Chicago Commuter Rail Spends Big on Trucking

Metra_Bridge.jpgChicago’s commuter rail agency will be raising this bridge to help trucks pass underneath, relying exclusively on transit funding. Photo: The Urbanophile

Transit funding these days is, needless to say, scarce. Across the country, transit agencies are slashing services to cope with the gaping fiscal holes left by the recession. More than ever, every dollar counts.

It’s in that context that a scoop by The Urbanophile’s Aaron Renn is so jarring. In his hometown of Chicago, the commuter rail agency is embarking on a major new capital project, with a pricetag in the hundreds of millions, intended to help truckers, not transit riders. How is that siphoning of transit dollars to road users being achieved? Writes Renn:

The project in question is on the Union Pacific North Line. Metra is undertaking a project to replace 22 bridges and rebuild the Ravenswood station at a cost of $185 million and a timeline of eight years (?!). The bridges are 100 years old and there’s no question they need replacement. However, as part of this project, Metra is using transit dollars to raise the grade of the railroad to increase vertical clearance on the streets below it, and permanently destroying fully one third of the transit right of way in the process.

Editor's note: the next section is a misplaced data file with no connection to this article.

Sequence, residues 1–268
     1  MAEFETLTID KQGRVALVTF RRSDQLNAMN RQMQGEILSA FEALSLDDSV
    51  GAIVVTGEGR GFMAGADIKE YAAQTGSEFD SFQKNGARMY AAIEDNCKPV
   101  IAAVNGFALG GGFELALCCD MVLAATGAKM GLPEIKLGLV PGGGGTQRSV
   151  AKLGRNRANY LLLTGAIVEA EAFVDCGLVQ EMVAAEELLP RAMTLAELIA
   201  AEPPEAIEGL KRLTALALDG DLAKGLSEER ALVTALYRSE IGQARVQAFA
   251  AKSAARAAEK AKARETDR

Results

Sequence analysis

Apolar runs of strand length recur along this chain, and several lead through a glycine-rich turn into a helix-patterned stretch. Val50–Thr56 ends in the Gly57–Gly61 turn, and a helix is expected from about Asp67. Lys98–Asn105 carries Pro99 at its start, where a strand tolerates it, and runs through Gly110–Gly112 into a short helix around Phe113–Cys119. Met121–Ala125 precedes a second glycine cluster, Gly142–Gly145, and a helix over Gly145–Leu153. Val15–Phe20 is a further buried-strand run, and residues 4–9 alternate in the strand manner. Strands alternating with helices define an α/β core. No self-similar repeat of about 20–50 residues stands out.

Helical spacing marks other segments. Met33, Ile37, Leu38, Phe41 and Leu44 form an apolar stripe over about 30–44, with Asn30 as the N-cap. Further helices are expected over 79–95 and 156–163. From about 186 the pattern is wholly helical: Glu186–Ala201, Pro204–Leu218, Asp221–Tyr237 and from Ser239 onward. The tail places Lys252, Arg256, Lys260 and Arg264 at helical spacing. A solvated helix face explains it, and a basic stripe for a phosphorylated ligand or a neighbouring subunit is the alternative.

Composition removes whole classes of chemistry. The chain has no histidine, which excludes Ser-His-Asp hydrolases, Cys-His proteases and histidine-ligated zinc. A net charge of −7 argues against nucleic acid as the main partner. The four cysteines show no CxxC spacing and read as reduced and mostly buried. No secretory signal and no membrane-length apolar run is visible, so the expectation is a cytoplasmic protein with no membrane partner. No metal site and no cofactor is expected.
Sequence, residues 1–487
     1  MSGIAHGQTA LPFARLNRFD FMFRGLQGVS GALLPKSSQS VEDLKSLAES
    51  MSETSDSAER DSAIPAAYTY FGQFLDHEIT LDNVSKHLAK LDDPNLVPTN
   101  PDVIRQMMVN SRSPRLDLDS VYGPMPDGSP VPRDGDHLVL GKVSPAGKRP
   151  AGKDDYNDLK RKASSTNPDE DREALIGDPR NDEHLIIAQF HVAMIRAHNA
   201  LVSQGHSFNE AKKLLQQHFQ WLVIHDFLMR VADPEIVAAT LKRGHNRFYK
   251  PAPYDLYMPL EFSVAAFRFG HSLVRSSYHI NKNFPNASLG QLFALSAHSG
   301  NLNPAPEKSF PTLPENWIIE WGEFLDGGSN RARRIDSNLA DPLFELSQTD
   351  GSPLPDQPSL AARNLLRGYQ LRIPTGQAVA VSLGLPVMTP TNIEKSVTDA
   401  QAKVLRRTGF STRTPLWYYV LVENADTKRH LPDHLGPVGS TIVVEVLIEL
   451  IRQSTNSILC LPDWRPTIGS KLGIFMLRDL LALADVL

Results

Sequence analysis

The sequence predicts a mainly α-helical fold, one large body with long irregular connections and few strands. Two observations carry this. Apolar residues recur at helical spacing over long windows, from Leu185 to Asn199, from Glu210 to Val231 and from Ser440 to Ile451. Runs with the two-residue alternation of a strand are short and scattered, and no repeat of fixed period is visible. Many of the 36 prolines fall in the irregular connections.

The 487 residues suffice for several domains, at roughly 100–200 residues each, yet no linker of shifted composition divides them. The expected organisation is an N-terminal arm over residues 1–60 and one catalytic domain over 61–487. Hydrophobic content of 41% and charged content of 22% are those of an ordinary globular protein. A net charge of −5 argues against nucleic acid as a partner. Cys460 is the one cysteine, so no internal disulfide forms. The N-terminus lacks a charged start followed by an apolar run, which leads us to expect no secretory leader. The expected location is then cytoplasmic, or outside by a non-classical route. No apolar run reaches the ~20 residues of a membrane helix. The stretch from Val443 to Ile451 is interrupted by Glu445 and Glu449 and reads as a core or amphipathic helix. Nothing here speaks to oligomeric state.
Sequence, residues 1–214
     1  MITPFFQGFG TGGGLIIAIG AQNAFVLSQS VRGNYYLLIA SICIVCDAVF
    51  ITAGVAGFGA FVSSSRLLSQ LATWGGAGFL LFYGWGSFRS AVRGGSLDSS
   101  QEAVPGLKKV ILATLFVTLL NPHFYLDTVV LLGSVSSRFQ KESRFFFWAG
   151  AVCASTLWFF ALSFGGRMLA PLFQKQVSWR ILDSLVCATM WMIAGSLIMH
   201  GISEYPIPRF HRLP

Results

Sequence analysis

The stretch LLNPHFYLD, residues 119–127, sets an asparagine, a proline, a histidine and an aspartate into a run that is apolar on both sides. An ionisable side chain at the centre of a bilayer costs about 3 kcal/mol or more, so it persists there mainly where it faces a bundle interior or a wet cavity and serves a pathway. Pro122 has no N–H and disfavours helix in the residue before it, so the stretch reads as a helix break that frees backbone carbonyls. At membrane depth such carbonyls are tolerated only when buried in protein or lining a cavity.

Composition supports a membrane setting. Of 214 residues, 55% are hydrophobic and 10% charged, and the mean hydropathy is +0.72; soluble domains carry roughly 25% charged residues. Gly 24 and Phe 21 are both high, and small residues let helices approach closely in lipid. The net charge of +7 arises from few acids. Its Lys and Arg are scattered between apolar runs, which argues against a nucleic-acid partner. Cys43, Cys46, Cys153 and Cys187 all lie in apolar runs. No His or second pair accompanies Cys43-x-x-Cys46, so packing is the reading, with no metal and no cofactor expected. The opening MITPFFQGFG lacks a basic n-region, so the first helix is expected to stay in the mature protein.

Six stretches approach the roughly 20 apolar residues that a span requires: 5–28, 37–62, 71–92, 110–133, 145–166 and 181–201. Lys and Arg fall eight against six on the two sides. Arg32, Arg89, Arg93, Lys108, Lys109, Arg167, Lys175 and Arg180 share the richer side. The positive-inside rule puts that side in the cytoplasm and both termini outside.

Further elevating the bridges wouldn’t improve commuter rail service. The purpose is to allow taller trucks to pass under the bridges more easily. Renn continues:

I don’t philosophically object to raising the grade, but doing so dramatically increases the cost and complexity of the project. Metra is paying for that exclusively out of transit capital funds. One hundred percent of the value of raising the rail grade is for trucks. It has nothing at all to do with transit. Yet trucking and road funds aren’t even chipping in one cent.

I’m all in favor of an integrated transportation system without all these funding stovepipes but this is ridiculous.

And to top it all off, Metra will be eliminating a currently unused third track along the line, foreclosing the possibility of eventually using that track to expand capacity along the route. For Chicagoland readers understandably angry, Renn offers a "call to action" in his post — check out the whole thing. 

More from around the network: Jarrett Walker at Human Transit asks whether San Francisco’s groundbreaking performance parking initiative might be too timid. I Bike T.O. calls out Toronto’s mayoral candidates for their anti-bike stances. And Bike Baltimore files a dispatch from a bike-friendly beach town.

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